A dress code policy is a set of guidelines that outline what your employees should wear to work. Dress codes set standards for your organisation and will vary depending on your industry.
With more and more businesses choosing a relaxed approach to work attire, are dress code policies really important for SMEs?
Should you consider a dress code for your organisation?
Your dress code reflects your corporate culture, so whether or not you adopt one depends on how you want to portray your organisation.
Dress codes encourage professional behaviour, as wearing formal clothing reminds employees that they’re in a work setting and that they should behave in a way that reflects your brand.
It is good practice to lead by example, but be aware that strict dress code policies can negatively affect your employee’s wellbeing and productivity.
Is a dress code policy the same as a uniform policy?
Some organisations require their employees to wear a uniform. This differs from a dress code policy because it ensures that everyone is dressed in the same way.
Uniforms establish your brand and strengthen unity between teams. They also help customers to identify your employees, which is particularly important in the hospitality sector.
What are the different types of dress code?
There are four different types of dress code:
- Business formal: full matching business suits, preferably in dark colours
- Business professional: conservative clothing in subdued, natural colours
- Business casual: a professional yet relaxed style that still gives a business-like impression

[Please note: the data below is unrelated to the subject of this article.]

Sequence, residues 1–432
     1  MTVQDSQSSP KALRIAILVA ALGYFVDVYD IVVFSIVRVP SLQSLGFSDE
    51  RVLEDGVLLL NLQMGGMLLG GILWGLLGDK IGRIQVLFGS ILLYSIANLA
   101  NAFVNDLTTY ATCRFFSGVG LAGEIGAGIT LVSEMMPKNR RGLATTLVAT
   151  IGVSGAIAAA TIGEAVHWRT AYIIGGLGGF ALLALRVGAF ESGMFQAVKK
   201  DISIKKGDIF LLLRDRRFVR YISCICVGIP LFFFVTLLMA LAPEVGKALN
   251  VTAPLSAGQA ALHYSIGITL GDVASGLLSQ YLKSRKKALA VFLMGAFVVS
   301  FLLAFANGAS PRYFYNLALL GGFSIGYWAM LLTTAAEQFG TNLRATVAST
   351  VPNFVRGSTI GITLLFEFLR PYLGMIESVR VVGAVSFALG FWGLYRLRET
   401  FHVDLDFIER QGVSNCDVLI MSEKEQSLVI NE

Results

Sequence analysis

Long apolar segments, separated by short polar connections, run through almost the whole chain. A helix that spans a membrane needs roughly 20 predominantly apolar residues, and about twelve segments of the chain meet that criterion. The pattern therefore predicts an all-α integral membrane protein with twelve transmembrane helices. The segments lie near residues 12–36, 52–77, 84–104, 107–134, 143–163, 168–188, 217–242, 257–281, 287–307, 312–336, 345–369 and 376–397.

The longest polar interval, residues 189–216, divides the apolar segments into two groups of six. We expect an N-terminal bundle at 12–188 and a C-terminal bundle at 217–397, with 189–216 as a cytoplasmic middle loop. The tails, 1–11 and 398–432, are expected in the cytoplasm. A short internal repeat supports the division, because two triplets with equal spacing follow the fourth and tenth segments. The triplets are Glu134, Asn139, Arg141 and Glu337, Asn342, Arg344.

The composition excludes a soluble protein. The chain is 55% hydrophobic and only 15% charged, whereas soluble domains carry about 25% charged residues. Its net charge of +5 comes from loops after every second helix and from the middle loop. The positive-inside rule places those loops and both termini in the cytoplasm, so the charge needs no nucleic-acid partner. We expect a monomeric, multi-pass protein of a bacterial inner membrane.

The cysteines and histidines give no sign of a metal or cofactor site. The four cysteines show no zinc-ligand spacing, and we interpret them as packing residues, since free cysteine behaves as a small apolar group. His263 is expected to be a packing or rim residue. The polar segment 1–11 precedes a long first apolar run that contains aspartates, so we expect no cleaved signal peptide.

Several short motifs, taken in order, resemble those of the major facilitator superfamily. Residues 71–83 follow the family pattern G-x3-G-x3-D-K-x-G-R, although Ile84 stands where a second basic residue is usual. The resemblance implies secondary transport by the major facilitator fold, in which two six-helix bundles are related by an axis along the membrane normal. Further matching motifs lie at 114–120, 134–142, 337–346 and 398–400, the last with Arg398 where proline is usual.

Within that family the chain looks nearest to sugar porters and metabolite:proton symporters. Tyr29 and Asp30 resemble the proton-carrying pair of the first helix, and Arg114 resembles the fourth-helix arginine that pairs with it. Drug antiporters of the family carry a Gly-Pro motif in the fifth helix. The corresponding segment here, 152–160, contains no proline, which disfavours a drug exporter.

- Casual: comfortable, informal clothing that is appropriate for the workplace
Which type of dress code is best suited to your industry?
Your organisation’s dress code will be influenced by the type of work your employees do.
For example, if staff are client-facing, it’s important for them to wear smart, formal attire as they are representing your company.
Employees that don’t spend a lot of time in front of clients are often better suited to a more casual dress code.
Warehouse workers should wear a uniform for health and safety reasons. It’s also a fairer option as it removes the risk your employees damaging their own clothes when working on-site.
Tips for a successful dress code policy
- Try to strike a balance: is there a way for your employees to express their personalities while also demonstrating your brand image?
- Make sure your dress code policy is clear and easy to understand.
- Be careful not to discriminate when creating your dress code policy.
- Consider involving your employees if you decide to make a new dress code – ask them their opinions on the current code and discuss how they’d like to dress for work.
Implementing a dress code in your workplace is an issue that should be handled with care. When it is, as well as presenting a united front and a uniform company image, it also protects your staff against health and safety risks.
When it’s not, as well as opening you up to potentially expensive tribunal cases for discrimination, it can lead to disgruntled and disengaged employees.